And Now…It’s Time For Something Completely Different
None of the usual wading birds and alligators today, instead I have a more unusual aspect of nature and wildlife to present.
We generally have a small garden with potted flowers just outside our back screened porch.
However, this past Spring we decided to try something different, and use plants that are known to attract butterflies, especially the Monarchs. These plants include milkweed and fennel, some of which we grew from seed, and we already had large pots of Mexican Petunias for the butterflies, bees, and hummingbirds to feed on. For the past month or so we began to notice an increase in butterfly traffic, some of which we hoped were laying eggs. A few weeks ago we began to see some scattered caterpillars among the milkweed and fennel and we noticed two types. The ones with spots and stripes we learned, were Swallowtail, while the Monarch caterpillars were just stripey.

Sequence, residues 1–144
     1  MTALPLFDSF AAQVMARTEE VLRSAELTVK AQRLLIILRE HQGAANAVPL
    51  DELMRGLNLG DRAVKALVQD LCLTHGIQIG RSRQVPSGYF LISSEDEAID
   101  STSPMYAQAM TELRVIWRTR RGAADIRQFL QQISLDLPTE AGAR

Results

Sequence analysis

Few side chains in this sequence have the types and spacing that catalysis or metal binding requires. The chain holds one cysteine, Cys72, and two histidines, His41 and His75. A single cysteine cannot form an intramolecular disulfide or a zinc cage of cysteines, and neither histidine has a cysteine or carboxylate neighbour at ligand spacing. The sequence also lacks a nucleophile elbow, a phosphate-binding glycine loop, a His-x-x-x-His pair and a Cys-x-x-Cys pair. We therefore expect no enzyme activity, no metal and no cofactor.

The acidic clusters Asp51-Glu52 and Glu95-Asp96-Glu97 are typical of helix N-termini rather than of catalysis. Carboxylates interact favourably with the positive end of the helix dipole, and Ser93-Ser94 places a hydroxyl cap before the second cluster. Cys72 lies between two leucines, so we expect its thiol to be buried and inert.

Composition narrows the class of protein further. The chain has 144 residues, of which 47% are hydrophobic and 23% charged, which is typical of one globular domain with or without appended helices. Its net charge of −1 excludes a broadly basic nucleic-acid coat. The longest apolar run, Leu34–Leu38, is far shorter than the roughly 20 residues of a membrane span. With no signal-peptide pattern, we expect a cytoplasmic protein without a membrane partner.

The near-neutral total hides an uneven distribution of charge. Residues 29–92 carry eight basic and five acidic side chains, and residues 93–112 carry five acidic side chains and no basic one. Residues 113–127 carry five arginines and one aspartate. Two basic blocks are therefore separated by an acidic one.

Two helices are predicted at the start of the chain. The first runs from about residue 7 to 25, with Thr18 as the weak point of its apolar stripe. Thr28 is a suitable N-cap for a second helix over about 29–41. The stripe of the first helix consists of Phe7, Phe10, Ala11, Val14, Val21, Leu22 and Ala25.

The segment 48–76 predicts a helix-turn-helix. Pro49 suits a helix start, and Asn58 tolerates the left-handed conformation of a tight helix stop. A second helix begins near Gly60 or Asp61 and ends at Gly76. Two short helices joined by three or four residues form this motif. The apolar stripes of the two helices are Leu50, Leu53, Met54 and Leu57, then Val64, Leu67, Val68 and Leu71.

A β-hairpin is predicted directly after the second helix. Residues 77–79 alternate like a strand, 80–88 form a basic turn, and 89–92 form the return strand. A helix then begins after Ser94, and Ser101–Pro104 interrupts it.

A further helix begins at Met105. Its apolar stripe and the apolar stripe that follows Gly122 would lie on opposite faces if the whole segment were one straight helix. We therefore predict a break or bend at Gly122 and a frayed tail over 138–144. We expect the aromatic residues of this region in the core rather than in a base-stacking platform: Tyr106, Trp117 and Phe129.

It wasn’t long before we had our first chrysalis but not from a Monarch, it was a likely a Black Swallowtail, who it turns out, are partial to fennel. Soon though, we had Monarch caterpillars coming out of our ears. They are voracious eaters of the milkweed and within days had almost completely stripped the plants of most of the foliage. This required an emergency supplement of butternut squash this morning which the caterpillars also began to devour.
We also had an unusual sighting of a pale Luna Moth, which was exciting because they’re rarely seen during the day! It stayed motionless on a leaf for a couple of hours before finally flying off. A Monarch who after emerging, will also stay still in one spot drying and stretching it’s wings before starting it’s new life.
So far, we have yet to see a Monarch chrysalis but expect to start seeing those soon. This entire process amazes us and is a true miracle of nature, when the caterpillar ceases to exist, and in it’s place, a beautiful, delicate butterfly will emerge.